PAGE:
How to Travel the World and Stay Healthy
The story of my 18 months of travel around the world, including this and other articles, is available as a big but humble e-book: Journey of J.
For long travels, another key beside safety is health. And as my track record in this regard is flawless, essentially, I thought to share a few quick ideas on this, too. (I had the occasional headache or stomachache, but nothing major, and my freak accident in South Africa doesn’t count.)
Disclaimer: I won’t add a disclaimer here because disclaimers seem to assume people are stupid, and may try to evade responsibility. If you elevate me to a doctor, that should be your own problem. But I do want to add that as so often, and as with the ideas about safety, “it depends.” Please use your brain and listen to your guts. 😊
- Get Your Health Checked
- Get Vaccinated
- Inform Yourself
- Eat Where Others Eat
- Clean Your Hands
- Clean Food and Boxes
- Don’t Joke with Water
- Stay in Shape
- Update (March 8, 2015)
Get Your Health Checked
An important preparatory step, it behooves a traveler to make sure he’s fit to go on a journey in the first place. And as I had touched this in How to Prepare to Travel the World, I’ll only suggest in brevity to see your physician and have yourself checked.
Similarly, make sure to get the vaccines you need for wherever you’re going. Some will be critical, others negligible. Here, too, talk to your doctor or specialized institutions like travel clinics. I don’t want to repeat what I wrote earlier, yet check out CDC’s fantastic graph about travel-related incidence rates.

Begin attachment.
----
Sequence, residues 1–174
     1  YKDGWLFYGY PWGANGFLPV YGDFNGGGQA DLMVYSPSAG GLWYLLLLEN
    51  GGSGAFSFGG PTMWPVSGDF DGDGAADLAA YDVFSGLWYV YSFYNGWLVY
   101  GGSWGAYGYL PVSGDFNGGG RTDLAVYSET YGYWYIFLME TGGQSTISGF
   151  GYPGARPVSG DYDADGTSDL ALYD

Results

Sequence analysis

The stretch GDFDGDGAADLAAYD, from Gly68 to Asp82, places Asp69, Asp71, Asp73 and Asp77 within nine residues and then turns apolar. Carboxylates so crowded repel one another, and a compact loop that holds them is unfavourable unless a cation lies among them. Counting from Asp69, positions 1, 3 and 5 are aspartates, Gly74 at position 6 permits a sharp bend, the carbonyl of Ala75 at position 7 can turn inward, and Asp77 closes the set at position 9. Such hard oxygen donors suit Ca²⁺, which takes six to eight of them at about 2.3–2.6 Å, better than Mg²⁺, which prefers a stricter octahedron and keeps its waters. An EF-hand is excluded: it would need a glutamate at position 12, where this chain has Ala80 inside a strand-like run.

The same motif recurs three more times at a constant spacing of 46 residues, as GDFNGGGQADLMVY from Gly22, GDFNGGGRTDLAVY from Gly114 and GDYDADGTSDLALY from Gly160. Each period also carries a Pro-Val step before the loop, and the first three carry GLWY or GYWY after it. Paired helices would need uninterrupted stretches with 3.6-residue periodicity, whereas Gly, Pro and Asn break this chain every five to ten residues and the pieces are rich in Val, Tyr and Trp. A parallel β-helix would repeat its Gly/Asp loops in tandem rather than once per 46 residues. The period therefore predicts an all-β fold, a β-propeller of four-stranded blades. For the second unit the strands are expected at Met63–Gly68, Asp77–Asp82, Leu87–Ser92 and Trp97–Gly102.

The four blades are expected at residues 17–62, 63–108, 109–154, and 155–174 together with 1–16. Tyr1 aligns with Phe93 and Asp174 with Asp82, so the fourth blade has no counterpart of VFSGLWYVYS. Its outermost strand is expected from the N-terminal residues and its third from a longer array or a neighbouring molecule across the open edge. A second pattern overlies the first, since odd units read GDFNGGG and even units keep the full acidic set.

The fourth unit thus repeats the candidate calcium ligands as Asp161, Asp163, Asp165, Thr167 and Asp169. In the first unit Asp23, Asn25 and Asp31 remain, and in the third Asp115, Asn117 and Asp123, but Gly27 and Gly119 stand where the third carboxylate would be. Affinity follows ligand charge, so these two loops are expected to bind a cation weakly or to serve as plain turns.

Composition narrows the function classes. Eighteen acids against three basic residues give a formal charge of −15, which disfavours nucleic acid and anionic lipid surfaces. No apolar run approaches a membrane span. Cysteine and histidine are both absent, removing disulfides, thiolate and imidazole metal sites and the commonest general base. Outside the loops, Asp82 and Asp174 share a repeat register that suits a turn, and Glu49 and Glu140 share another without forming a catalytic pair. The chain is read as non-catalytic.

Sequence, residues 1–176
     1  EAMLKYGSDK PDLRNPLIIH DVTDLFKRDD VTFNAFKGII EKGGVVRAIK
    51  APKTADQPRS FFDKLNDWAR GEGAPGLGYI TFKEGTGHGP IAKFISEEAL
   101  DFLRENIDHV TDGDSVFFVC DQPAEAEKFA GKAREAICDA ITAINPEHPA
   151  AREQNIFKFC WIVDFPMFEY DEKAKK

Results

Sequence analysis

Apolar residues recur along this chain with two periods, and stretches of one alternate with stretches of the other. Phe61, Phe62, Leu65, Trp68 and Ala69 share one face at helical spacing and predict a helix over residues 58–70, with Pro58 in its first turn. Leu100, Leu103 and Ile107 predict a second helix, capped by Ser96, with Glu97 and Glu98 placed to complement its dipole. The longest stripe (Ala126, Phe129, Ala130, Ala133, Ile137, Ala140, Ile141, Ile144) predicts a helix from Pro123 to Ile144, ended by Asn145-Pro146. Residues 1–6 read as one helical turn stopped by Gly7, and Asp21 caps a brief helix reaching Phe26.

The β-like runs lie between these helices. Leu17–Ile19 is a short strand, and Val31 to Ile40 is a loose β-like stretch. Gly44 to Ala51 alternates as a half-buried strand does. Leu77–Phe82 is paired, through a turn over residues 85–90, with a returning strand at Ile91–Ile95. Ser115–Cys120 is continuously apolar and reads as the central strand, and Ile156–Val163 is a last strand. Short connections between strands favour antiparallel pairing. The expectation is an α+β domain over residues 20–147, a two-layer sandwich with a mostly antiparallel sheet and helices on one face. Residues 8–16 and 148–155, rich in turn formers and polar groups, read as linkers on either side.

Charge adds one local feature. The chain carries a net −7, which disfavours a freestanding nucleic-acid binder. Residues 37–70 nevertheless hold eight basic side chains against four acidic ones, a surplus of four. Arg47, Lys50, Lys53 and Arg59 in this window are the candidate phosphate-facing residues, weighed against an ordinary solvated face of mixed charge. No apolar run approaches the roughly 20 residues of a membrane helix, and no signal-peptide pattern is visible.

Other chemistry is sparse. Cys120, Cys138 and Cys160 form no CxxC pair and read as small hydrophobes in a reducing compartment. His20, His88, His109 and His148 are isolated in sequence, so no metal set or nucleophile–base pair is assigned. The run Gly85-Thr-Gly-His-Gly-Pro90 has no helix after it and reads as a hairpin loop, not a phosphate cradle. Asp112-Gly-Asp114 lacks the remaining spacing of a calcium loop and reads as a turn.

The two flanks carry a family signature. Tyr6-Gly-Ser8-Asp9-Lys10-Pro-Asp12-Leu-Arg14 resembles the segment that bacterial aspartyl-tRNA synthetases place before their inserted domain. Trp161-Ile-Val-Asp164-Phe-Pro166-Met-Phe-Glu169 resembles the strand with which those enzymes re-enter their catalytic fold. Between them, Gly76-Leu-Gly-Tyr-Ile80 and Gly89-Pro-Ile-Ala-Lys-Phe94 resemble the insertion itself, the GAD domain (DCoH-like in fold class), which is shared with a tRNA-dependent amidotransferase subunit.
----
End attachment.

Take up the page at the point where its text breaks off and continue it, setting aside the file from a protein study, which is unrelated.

Now, inform yourself about your destinations. This doesn’t need to be heavy-handed; what I found useful is having a quick glance at destination pages on Wikitravel, as they’ll usually warn about major risks. For some things like, say, malaria, one might need to look for information elsewhere (I occasionally google “malaria maps”); similarly, if you have an individual condition, you may need to research the individual threats.
In Kathmandu, for example, where I am while writing this, it seems the water is pretty bad, and so I’m mindful of not drinking from the tap.
Eat Where Others Eat
There are plenty of stories about travelers contracting traveler’s diarrhea, as it does come with a good 20–40% probability. It hit me on my first world tour back in 2012, after having eaten something not-so-good in Hong Kong.
Although street food is not the only concern—and in fact, my own experience had nothing to do with street food—it seems to be a common source of traveler’s diarrhea. A good rule of thumb is, as I had learned from another traveler, to look for places where others eat. Any place may serve good (safe) food that has a few people eating there. Watch out for the places where nobody hangs out. That may well be because of an unworldly time, but here we talk about food safety. If other people eat there, the food is probably okay.
I haven’t had any problems.
Clean Your Hands